During National Infant Immunization Week, April 21-28, 2012, the North Dakota Department of Health would like to remind parents of the importance of vaccinations for their children.
National Infant Immunization Week is an annual observance that emphasizes the need to fully immunize children 24 months and younger against 14 vaccine-preventable diseases. Not only does timely immunization protect small children, but it also protects the community around them including those who cannot be vaccinated.
“Immunization is a shared responsibility,” said Abbi Pierce, immunization surveillance coordinator for the North Dakota Department of Health. “Families, health-care professionals and public health officials must all work together to ensure that children are receiving the proper vaccinations at the proper times to help protect the entire community.”
The importance of vaccinations is highlighted by the recent rise in pertussis (whooping cough) cases in the United States and ongoing outbreaks in numerous states. Since the beginning of the year, 30 cases of pertussis have been reported to the North Dakota Department of Health. The cases are from nine different North Dakota counties: Benson, Burleigh, Cass, Cavalier, Morton, Rolette, Sioux, Ward and Williams County.
“Pertussis often goes undiagnosed or misdiagnosed in adolescents and adults but can be very serious if passed to infants or those with serious health conditions,” said Pierce. “It’s important for both children and adults to be properly immunized against pertussis in order to protect those most at risk.”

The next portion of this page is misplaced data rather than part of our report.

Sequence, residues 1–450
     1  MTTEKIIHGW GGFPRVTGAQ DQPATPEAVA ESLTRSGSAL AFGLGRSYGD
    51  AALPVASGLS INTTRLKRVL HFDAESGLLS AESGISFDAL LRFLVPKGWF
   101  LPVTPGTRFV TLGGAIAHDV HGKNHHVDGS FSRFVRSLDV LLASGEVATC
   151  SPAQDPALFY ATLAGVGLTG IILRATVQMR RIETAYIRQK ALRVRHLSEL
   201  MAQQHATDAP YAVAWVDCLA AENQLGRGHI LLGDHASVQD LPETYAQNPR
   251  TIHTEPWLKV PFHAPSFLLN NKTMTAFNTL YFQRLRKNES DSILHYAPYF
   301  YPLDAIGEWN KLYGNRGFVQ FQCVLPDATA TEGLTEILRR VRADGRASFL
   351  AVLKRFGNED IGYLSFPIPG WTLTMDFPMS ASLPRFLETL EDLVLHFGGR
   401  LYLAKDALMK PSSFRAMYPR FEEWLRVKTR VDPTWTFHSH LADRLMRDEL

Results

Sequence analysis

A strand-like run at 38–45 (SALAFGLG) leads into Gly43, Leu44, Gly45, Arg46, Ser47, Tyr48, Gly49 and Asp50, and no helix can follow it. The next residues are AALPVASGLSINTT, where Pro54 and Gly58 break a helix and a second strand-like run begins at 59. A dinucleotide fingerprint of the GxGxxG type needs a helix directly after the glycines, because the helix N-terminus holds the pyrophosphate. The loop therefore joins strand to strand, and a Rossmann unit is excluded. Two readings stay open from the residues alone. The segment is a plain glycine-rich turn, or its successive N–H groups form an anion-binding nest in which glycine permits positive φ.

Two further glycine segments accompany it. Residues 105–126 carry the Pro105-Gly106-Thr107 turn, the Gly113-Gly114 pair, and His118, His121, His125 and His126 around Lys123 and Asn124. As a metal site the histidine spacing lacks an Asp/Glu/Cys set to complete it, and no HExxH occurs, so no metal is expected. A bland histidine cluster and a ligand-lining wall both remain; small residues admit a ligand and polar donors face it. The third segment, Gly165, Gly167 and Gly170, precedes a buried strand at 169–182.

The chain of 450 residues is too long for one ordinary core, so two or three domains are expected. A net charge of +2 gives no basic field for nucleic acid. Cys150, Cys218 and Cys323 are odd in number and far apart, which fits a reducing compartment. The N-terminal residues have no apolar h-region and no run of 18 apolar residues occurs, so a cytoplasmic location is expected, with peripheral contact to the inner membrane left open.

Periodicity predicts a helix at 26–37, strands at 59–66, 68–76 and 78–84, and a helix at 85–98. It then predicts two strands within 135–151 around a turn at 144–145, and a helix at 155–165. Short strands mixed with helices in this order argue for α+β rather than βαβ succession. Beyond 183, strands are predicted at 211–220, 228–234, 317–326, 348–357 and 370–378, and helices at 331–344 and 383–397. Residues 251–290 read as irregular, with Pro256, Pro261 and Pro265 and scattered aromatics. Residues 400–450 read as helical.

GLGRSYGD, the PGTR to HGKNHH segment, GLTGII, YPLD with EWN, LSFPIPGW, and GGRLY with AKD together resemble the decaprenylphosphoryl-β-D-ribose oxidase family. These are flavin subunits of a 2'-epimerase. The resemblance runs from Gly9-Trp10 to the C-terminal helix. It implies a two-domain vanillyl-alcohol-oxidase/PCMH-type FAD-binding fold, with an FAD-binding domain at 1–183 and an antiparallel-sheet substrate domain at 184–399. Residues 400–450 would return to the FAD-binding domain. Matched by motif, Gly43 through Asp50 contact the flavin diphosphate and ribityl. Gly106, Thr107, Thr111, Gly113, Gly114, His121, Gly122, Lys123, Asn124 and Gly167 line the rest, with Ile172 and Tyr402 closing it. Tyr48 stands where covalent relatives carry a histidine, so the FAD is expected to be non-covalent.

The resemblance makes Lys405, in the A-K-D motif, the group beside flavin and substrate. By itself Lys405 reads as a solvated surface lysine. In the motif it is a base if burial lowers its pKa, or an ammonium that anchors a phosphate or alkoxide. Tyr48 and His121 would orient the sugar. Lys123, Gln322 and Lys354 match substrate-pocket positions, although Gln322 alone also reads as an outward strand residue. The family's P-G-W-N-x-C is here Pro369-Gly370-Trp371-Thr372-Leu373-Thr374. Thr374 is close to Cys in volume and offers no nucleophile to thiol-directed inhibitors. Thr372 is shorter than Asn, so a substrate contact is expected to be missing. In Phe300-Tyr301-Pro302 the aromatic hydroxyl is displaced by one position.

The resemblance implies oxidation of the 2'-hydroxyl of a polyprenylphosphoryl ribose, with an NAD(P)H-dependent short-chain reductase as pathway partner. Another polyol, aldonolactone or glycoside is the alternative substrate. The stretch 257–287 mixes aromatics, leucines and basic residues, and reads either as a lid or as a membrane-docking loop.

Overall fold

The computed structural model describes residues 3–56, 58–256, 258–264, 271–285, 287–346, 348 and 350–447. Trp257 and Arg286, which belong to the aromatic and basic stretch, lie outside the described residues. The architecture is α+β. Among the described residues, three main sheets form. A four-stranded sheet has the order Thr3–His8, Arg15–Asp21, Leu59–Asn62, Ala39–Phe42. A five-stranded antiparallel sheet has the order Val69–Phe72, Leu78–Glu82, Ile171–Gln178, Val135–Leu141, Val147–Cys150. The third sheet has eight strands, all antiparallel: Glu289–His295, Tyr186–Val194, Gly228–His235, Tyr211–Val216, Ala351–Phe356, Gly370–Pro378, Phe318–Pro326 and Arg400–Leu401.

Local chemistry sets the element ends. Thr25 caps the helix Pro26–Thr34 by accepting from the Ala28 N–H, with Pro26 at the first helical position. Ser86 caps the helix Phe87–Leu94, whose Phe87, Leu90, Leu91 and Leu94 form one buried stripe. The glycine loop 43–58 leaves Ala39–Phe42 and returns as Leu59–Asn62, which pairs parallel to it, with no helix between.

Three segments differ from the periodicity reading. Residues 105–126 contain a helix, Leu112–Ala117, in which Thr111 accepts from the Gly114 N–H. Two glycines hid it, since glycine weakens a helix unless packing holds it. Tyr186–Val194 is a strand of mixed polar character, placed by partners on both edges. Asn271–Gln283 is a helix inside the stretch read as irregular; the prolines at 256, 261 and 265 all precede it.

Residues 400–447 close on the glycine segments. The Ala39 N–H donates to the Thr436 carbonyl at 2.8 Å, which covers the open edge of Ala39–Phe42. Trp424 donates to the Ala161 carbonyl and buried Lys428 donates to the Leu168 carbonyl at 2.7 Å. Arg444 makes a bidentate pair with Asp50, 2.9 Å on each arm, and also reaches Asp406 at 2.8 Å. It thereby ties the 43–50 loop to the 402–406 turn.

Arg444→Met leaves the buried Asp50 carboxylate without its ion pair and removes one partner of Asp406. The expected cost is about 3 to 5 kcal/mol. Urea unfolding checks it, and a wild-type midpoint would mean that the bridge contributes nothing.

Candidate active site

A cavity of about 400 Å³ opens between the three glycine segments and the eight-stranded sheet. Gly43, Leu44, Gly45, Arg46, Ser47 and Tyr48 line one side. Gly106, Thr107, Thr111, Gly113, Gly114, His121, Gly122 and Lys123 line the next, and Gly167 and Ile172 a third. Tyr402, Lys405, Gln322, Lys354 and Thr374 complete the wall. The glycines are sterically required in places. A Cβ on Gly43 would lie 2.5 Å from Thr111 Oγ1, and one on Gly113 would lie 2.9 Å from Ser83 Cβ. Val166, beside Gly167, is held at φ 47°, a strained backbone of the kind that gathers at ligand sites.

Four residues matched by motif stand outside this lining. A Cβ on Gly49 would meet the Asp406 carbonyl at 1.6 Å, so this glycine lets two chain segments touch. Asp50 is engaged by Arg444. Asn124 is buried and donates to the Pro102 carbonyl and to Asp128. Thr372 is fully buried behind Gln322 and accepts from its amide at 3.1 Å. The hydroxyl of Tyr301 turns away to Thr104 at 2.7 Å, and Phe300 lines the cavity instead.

Pertussis (whooping cough) is a contagious disease that lasts for many weeks or months and can cause severe coughing with a “whooping” sound or coughing that leads to vomiting. The disease can be life threatening for infants and is usually spread by adults to infants. Generally, the illness is less severe in those who are vaccinated.
Pertussis is characterized by one or more of the following symptoms:
• Prolonged cough
• Long spells of coughing with spasms
• Coughing with a whooping sound
• Coughing that leads to gagging or vomiting
One of the most important preventive measures is vaccination against pertussis. Diphtheria, tetanus and acellular pertussis vaccine (DTaP) should be administered routinely to infants at 2, 4, 6 and 15 to 18 months of age and a booster dose of DTaP should be given at 4 to 6 years of age. DTaP is required to attend a school or child-care setting.
Pertussis outbreaks highlight the need for pertussis vaccination in adults and adolescents as well as children. Tetanus, diphtheria, and acellular pertussis vaccine (Tdap) is routinely recommended for adolescents age 11 to 12 years of age. Tdap is required to be administered to all adolescents entering middle school. Adolescents 13 to 18 years of age and adults are also recommended to receive a dose of Tdap.
For more information about National Infant Immunization Week or pertussis, contact Abbi Pierce, North Dakota Department of Health at 1.800.472.2180, or visit our website at www.ndhealth.gov/immunize, or contact Fargo Cass Public Health at 241-1360, or visit www.cityoffargo.com/health and click on Immunizations.